here are we going?” Liz asks for the third time tonight.
“To Dan Electro's,” I answer.
“Dan's electroded, how did that happen?” she laughs again at her own feeble joke. She's still laughing as we walk in the door of Dan Electro's Guitar Bar (1031 E. 24th St., 713-862-8707). It's Thursday night, and that means it's Dan's Original Blues Jam with guitarist Teri Greene. Up on stage is Artis Turner, a sharp-looking older guy who is tearing up the last two bars of a blues tune I don't recognize. It seems the drummer doesn't recognize it either, because he's a half-second too late on his accents. Turner is pumping his arm, stomping his foot; he's also halfway turned around to look at the drummer, trying to get him to catch up, but it's no use. Everybody ends the song at a different time.
Dan Electro's Guitar Bar
Liz and I find a table ringside. A couple dozen people are scattered around the bar, sitting in twos and threes, beer bottles in front of them. The walls are painted black, with hundreds of small red, white and blue stars for decoration. One long wall is filled with framed photographs of musicians who have played Dan's. In the darkness, I can't make them out, but there must be 30 or so portraits taken in-performance.
Onstage, Turner is backed by a guitarist, drummer and bass player. Customers sign up for the jam on a clipboard near the door; there are only two names on the list tonight. Chances are, Turner will get to do a whole set.
Someone comes up and is talking to Turner, who keeps nodding his head. A special song request, maybe? “There is a red SUV outside that needs to be moved,” Turner announces. Ah, the luxury of the mike not only do you get to sing, you get to make all the “You will be towed” and “Has anyone found a set of keys?” announcements.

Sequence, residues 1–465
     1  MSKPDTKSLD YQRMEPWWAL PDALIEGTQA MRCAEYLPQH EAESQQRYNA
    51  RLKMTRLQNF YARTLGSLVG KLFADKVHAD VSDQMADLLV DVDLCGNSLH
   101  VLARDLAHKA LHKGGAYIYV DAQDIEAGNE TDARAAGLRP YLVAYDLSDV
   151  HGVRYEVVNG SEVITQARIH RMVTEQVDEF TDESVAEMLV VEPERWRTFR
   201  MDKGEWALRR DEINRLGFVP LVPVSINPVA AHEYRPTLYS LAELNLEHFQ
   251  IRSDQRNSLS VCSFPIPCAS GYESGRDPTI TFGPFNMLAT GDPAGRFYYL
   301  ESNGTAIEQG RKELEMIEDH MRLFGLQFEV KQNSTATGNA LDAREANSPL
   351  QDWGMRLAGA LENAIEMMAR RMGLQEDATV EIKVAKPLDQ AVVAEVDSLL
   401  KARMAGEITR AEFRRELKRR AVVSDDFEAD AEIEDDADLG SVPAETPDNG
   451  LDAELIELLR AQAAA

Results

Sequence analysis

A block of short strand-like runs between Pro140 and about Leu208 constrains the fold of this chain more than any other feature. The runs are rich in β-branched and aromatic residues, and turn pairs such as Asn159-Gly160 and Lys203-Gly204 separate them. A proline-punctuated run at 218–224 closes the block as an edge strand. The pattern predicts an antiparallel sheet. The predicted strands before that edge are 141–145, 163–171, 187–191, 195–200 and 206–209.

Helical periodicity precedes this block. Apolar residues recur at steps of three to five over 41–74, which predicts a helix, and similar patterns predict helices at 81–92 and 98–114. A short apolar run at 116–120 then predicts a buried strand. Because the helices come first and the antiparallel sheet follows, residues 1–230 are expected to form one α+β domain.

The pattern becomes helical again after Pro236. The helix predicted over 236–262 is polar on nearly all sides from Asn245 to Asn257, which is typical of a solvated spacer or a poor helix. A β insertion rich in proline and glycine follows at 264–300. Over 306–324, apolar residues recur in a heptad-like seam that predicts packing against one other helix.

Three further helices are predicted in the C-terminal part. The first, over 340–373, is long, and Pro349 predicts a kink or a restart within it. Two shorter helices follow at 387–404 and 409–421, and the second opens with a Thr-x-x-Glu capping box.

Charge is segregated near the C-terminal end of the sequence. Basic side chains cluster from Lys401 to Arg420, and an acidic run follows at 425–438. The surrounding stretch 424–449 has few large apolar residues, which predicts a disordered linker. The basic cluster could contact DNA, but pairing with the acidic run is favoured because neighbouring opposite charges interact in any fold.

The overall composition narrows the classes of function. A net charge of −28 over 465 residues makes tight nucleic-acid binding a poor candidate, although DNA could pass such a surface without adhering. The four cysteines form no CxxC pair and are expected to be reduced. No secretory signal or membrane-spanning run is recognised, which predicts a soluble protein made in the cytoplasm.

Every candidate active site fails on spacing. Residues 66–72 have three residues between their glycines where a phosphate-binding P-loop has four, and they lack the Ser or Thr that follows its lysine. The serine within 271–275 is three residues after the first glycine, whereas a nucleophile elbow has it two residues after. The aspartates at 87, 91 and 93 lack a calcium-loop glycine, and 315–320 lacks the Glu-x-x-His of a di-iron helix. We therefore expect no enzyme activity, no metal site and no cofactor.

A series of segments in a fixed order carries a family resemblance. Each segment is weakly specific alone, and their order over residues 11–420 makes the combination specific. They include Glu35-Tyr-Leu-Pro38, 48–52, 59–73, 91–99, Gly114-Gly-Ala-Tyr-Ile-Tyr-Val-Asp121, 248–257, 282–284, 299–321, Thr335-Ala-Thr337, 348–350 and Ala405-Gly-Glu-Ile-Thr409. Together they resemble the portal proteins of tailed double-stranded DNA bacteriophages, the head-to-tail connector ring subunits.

Nobody moves for the door, so Turner announces again, “You need to move it right now.” Still no response.
“It's on fire,” somebody says. Liz laughs; I shush her with a glare.
Turner shrugs his shoulders and goes on with his next tune. “I want to sing you a song by Percy Mayfield,” he says. “It's called ‘Please Send Me Somebody to Love.'” He counts the song off one, two, three, four and pause; the drummer comes in late. It's pretty good, even with the off-beat drums. Turner, whose voice is probably not what it was in his youth, is doing his best to push the band onto the same beat. The bass and guitar players take his cues, but the drummer keeps going on his own merry little way, always half a beat late.
“Brother, brother, brother / there's far too many of you dying,” Turner is singing now. Standing on the side of the stage is a bald guy in a tight green T-shirt and white pants. He's clapping and singing along with Turner. Next to him is an obviously tipsy woman; she's dancing in place, holding out her beer to keep it from spilling. Teri Greene takes a solo on the guitar. We all applaud, and Turner closes out the song.
“On guitar, we have Keith Richards,” sloshes the woman by the bar. Everybody laughs except for Liz and me. “Let me tell you why he ain't like Keith Richards...” starts Liz. (Liz, a jazz musician, takes her job as an audience very, very seriously. She treats me to lectures on music history and theory on a regular basis, completely oblivious to the fact that I never listen.) “He ain't like Keith Richards 'cause of his...”
“Tone, finger work and repertoire, maybe?” I head her off.
“Phrasing, dexterity and blood alcohol level?”
“Yeah, but...Blood what?” she catches on too late. Turner kicks off “What's Going On?” as I head off to the bathroom before Liz can think of a comeback. A blond woman from the next table is already in there, washing her hands. Her face is flushed, and there's a little sweat on her forehead. I pretend to check my hair. She smiles, “Hi.”
“Hey,” I toss back.
“It's hot in there, huh?”
“A little bit.” I pat my hair in place. “You having a good time?”
“Oh yeah, I just love the blues!” she tells me. “It makes you feel so, so happy!”
I resist the urge to tell her we've been listening to R&B, a kissing cousin of the blues, but a different genre nonetheless. “Ain't that funny, 'cause the blues are about being sad,” I offer.
“Yeah, I know!” she says gaily. “I think it's getting it out of your system. You know, not keeping it bottled up.”
“I just need to go out somewhere every once in a while, to let loose, you know?”
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I nod again. She starts to hum along with Turner, who we can hear in the bathroom, and I start to ease into a stall.
“Hey, you don't have any pot you could sell me, do you?” she asks suddenly.
“Ah, no, sorry. I'm out.” (I've been out since the early '90s.)
“That's okay. I just thought maybe, you know,” she says, still smiling, and bounces through the door.